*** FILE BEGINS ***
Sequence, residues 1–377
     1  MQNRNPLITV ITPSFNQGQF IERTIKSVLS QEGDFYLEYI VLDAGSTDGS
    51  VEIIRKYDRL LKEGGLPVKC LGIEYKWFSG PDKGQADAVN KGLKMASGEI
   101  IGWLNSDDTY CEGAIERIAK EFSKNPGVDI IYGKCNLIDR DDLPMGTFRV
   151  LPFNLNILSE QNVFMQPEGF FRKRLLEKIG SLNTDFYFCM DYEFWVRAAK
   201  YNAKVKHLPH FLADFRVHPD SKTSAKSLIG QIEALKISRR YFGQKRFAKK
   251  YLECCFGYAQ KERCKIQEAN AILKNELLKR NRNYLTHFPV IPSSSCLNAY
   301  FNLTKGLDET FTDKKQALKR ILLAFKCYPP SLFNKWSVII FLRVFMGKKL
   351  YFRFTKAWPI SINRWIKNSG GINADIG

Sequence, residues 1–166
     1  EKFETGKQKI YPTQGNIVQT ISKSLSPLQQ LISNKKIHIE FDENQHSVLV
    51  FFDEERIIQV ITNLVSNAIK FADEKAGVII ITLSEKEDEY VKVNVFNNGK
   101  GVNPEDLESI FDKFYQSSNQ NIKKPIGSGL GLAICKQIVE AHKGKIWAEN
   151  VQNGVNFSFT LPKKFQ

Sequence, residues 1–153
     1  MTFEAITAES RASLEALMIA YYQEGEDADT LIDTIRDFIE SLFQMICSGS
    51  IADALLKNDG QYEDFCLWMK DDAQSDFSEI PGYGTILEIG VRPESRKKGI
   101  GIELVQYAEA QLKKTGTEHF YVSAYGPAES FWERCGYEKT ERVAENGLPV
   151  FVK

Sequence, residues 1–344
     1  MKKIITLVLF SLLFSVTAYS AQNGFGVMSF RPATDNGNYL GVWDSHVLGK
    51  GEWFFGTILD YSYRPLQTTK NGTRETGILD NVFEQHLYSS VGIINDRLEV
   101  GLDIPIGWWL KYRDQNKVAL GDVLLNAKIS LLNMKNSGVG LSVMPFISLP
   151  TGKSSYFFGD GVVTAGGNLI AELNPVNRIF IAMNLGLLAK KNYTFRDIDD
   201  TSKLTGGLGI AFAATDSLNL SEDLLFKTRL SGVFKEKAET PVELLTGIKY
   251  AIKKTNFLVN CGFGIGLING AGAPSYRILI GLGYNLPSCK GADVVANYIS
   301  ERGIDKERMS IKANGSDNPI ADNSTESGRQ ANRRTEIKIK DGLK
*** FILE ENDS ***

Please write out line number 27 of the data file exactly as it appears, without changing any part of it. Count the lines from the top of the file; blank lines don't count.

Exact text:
   301  ERGIDKERMS IKANGSDNPI ADNSTESGRQ ANRRTEIKIK DGLK